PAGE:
However, the situation with conferences is something of a Catch 22: people want to go "abroad" but the idea of paying for the air fare is a deterrent. So the Hotel de France has introduced an offer of |pounds~315 a head for two nights, including flights from Heathrow or Gatwick, two nights' accommodation, one full-day meeting with lunch and a "dinner with a difference", which could be a themed event at any of the island's special venues -- a wine tasting and gourmet French meal at the island's La Mare vineyard; a lobster barbecue; or a gala dinner at Mont Orgueil Castle.
Likewise, the Guernsey Tourist Board has launched a new series of advertisements, giving a sample price of |pounds~220 for a two-night, all inclusive conference with flights. "We want people to get the idea that we're not as expensive as they think, which is why we put the price in the ads," says Tim Orton.
And while the cost of property on both islands might be high, overheads which affect conference groups, like eating out, are remarkably low. And there is, of course, no VAT.
Land is at a premium on both Jersey and Guernsey and there is little chance of any large new hotels appearing in the immediate future. But both islands have been investing heavily in their existing resources.
Guernsey's Beau Sejour leisure centre, which takes 1800 for a conference and is by far the island's biggest venue, has had extensive refurbishment to its restaurants and bars. The theatre, which seats 398 has also been totally reseated. All big events have to use the centre, as the St Pierre Park, the largest hotel, only takes up to 200 in its conference room. But despite the fact that the Beau Sejour is essentially a leisure centre, it works well for serious conferences, with a separate entrance for delegates and good on-site catering facilities. And the most attractive feature of all is that, because it's a States-owned facility, use of the centre is free of charge to conference groups.
Hotels have been investing in their facilities, too, many aiming at smallish groups between 20 and 80, the size the island is best able to deal with. The Mallard Hotel, which is owned by the same company as the Hotel de France in Jersey, has opened two new conference suites and has a 72-foot schooner moored in St Peter Port harbour, taking 25 for a buffet or eight for a formal dinner party. Also available is a 37-foot Sunseeker powerboat which can be used for day trips to other islands, skimming the waves at a cool 30 knots.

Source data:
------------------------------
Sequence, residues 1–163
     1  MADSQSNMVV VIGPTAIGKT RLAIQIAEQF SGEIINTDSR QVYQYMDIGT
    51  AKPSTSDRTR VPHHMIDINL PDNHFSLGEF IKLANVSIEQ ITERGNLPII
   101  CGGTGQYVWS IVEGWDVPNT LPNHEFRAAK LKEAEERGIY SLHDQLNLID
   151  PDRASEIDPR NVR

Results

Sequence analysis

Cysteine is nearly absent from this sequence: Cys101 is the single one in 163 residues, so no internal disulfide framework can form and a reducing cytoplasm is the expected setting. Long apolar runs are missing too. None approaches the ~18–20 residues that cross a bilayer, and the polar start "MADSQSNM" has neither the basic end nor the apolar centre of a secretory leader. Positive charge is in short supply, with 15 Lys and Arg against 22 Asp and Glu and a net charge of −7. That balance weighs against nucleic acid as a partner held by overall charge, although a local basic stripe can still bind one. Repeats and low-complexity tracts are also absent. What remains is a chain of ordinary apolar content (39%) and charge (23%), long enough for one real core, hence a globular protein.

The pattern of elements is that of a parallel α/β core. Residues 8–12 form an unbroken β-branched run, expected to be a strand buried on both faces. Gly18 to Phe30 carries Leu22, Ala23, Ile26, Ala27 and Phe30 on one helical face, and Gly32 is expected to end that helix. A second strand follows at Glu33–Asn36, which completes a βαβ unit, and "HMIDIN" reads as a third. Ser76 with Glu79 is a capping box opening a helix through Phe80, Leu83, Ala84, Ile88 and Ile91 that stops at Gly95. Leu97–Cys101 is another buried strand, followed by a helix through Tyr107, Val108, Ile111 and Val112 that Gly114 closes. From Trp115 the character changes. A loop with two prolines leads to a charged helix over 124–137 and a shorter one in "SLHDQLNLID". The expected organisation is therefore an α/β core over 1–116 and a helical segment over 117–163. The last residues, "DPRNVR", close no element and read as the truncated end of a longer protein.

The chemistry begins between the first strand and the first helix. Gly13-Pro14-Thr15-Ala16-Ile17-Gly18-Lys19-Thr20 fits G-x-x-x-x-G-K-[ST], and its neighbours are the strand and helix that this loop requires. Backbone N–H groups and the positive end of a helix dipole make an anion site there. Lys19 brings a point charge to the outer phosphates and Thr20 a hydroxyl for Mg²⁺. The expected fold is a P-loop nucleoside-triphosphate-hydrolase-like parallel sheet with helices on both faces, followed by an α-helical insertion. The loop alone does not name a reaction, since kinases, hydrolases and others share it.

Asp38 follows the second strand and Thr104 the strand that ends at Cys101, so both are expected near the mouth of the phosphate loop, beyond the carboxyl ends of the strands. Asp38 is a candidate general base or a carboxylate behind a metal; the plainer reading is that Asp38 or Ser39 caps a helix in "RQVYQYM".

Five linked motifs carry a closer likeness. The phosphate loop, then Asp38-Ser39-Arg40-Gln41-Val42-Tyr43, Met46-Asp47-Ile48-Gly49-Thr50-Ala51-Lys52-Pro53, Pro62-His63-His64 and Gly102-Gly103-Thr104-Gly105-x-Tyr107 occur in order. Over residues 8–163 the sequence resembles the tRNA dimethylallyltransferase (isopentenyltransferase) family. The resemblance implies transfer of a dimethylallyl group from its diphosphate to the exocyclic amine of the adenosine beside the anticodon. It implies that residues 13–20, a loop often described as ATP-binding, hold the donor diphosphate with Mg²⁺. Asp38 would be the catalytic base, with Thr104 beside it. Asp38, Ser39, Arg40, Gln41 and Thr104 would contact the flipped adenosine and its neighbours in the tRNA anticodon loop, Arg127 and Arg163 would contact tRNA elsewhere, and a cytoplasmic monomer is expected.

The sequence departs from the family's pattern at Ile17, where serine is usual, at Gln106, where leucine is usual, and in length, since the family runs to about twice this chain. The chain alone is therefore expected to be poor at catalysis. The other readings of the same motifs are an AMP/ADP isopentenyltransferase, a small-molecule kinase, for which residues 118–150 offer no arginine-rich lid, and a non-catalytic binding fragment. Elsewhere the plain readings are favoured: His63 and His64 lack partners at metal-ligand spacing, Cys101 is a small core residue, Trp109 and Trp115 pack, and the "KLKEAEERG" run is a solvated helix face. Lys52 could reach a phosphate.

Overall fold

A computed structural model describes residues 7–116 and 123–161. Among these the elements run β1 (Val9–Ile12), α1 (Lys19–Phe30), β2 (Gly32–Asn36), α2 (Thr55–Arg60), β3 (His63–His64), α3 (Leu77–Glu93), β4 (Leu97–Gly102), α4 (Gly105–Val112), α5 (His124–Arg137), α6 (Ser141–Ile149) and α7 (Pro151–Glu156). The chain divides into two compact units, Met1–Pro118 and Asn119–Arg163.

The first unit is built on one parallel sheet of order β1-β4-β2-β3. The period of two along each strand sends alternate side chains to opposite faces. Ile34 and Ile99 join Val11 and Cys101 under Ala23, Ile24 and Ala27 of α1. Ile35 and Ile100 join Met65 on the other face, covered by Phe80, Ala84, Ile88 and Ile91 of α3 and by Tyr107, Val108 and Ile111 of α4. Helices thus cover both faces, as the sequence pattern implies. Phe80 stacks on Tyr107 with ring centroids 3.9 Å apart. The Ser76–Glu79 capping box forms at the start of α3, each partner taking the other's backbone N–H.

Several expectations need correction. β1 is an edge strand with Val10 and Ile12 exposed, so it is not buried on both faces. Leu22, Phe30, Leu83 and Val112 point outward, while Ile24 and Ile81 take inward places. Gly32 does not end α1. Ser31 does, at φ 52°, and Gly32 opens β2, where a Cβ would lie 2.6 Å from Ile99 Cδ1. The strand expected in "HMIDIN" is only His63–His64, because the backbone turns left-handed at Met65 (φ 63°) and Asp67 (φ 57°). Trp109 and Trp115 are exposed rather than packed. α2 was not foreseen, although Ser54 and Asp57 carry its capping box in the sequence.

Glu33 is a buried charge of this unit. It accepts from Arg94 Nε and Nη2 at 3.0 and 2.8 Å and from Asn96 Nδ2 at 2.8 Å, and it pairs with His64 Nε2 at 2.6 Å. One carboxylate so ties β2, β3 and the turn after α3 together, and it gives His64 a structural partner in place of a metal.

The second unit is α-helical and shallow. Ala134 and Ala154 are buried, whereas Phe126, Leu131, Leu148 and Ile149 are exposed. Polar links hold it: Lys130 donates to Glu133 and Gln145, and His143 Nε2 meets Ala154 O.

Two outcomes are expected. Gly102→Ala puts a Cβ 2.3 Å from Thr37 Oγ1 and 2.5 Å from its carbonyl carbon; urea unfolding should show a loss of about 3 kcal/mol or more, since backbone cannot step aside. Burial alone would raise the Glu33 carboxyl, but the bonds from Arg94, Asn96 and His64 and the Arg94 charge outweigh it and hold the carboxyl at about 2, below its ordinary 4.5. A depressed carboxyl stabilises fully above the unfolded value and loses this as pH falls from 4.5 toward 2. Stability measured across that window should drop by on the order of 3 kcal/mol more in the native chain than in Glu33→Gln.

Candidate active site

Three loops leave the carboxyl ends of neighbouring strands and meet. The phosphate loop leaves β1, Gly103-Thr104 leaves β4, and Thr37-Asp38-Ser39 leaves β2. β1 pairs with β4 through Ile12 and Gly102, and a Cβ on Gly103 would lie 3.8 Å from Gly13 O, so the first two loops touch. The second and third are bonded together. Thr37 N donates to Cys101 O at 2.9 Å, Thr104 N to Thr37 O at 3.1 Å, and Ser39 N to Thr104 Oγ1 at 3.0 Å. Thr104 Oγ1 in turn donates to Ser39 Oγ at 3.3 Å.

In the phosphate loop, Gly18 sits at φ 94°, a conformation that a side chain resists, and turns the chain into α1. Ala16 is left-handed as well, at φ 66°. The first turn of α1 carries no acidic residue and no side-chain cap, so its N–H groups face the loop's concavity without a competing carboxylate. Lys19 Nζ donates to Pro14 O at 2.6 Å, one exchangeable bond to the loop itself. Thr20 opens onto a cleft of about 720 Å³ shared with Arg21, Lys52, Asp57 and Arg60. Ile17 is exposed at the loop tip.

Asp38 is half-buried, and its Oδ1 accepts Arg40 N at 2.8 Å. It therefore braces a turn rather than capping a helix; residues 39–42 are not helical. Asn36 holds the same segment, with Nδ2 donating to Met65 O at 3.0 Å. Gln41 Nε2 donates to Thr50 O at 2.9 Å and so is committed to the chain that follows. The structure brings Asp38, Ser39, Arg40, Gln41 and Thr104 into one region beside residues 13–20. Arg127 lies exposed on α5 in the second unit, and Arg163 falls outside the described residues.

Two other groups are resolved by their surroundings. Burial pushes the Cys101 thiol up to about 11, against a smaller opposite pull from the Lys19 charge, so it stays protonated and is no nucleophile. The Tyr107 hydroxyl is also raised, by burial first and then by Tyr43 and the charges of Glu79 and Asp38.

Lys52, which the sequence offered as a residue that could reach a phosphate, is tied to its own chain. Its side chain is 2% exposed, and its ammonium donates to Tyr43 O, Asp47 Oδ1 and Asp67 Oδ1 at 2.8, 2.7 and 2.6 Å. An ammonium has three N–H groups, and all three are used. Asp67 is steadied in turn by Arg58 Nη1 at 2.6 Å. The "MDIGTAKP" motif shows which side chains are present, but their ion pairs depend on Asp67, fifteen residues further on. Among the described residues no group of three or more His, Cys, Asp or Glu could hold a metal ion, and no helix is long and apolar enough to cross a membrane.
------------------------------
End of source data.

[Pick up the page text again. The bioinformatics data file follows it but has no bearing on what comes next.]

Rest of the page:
The St Pierre Park, Guernsey's biggest hotel, has spent over |pounds~1m in upgrading its rooms, reception, Cafe Renoir restaurant and health suite recently. It continues to attract the bulk of the island's conference business, although, says sales executive Michelle de Garis, lead times are getting shorter. "1993 didn't look good but we've had an excellent first few months."
Likewise, the Royal Hotel, right in the middle of St Peter Port, has spent |pounds~1.5m on creating an upmarket environment for small meetings of up to 30, with 29 rooms and 18 individually themed suites. Various other small hotels, among them La Trelade and Green Acres, offer delegate rates and conference rooms. Larger groups use the Duke of Richmond and the Old Government House in St Peter Port or the Peninsula on the North-west coast.
Guernsey may come across as rustic and quaint but leisure activities are surprisingly classy. Dinner at Sausmarez Manor, stately home of the Sausmarez seigneurs, can take the form of a masked ball, an elegant banquet in the gardens or even a Victorian picnic on the lawn. Delegates can be taken by yacht or powerboat to Herm for a lobster barbecue or even flown to Alderney for lunch.